This walk starts off on the northern side of the bridge over the River Traligill in Inchnadamph on the A837. Head north along the A837 and follow it as it climbs and descends to meet the eastern side if Loch Assynt. Pass the ruins of Colda House and then the remnants of Ardvreck Castle. About a kilometre further on a road junction is met at Skiag Bridge.
Turn right to head uphill to the north along the A894 road. The road winds around as it ascends, but the slope is such that I only had to stop once to catch my breath - it is steep but manageably so. Eventually the road becomes straighter as the gradient slackens until a summit is reached at about 261 metres, which means a climb of 190 metres from Skiag Bridge.
The road then descends past the Loch na Gainmhich. At the northern tip of the loch the road starts a steep and windy descent, but this is more than made up for my magnificent views to the north. The road becomes straighter and the descent less marked at Unapool bridge and shortly after this the junction with the B869 road is reached.
Continue along the A894 for about a mile until Unapool is reached. On the right near the bottom of a hill is a little shop that serves lovely home-made cake. A little further up the hill on the right is the road that leads to the B&B that I stayed in.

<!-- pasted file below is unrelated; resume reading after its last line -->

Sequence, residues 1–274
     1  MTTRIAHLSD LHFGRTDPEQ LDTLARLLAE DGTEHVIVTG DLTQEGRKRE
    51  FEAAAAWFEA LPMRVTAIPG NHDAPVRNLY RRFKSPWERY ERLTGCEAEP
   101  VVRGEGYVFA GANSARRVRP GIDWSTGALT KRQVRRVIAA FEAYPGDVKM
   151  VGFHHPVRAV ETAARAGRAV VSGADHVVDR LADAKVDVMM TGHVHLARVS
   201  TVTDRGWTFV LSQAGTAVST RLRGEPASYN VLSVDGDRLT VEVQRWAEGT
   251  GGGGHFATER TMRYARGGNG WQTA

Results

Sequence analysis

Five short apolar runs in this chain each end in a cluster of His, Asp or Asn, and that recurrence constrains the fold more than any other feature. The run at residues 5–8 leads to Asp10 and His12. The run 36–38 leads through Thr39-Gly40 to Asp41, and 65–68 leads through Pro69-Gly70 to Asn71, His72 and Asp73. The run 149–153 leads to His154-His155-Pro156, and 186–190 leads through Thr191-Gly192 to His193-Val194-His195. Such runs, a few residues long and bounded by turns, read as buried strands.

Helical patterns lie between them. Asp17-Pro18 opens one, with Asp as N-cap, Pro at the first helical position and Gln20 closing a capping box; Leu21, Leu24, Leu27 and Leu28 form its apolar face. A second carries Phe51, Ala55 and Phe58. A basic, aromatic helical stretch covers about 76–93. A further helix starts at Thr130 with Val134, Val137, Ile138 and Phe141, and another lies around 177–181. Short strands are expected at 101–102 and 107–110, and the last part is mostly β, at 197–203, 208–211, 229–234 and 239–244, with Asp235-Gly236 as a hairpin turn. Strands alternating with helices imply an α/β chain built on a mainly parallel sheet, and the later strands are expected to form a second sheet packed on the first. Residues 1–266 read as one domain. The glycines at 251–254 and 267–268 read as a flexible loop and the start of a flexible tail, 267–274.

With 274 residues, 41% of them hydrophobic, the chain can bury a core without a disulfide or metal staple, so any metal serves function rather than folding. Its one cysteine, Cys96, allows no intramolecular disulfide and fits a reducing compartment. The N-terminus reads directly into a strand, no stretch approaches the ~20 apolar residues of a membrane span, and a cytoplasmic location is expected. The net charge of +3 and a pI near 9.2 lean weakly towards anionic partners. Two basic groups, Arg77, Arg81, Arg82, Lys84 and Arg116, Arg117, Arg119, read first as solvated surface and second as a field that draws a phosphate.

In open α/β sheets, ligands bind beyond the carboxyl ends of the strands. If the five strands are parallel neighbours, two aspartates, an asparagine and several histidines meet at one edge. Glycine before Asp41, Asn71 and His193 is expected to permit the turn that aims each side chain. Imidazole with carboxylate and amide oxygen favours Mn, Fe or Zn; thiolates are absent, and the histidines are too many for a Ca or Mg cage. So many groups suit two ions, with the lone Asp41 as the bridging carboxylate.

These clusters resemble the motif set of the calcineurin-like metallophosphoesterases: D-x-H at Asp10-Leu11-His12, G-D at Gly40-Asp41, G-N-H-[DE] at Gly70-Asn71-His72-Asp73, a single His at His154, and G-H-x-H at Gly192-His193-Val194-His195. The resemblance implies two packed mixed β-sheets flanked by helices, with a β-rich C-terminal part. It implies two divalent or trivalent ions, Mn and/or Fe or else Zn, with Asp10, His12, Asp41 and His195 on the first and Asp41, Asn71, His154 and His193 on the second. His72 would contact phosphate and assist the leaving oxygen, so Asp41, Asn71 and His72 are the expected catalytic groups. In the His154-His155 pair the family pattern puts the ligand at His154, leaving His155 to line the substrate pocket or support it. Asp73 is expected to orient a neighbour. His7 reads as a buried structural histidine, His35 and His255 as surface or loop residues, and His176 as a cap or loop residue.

To continue into Kylesku continue to the top of the hill and follow the road as it swings around to the right and starts to descend. At the bottom of the hill a road leads off to the right; about a quarter of a mile away at the end of this road is the Kylesku Hotel.
This makes a total distance of 10.2 miles, with 1489 feet of ascent and 1605 feet of descent.
I stayed at 'The Ridge' B&B, Unapool Croft Road, Kylesku, Sutherland, IV27 4HW. Telephone 01971 502226. This was a lovely little B&B, with some breathtaking views over the mountains and the lochs. The landlord is very friendly and I had a nice long chat with him.
For other accomodation nearer town, there is the Kylesku Hotel, a B&B near to it, and the Kylesku Lodges and Backpackers. The latter is open from March to October, and has 12 beds and costs from £10.00 per person. For more information on the lodges phone (01971) 502003.
Please note that I take no responsibility for anything that may happen when following these directions. If you intend to follow this route, then please use the relevant maps and check the route out before you go out. As always when walking, use common sense and you should be fine.
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And finally, enjoy your walking!
This walk was mentioned in the following routes: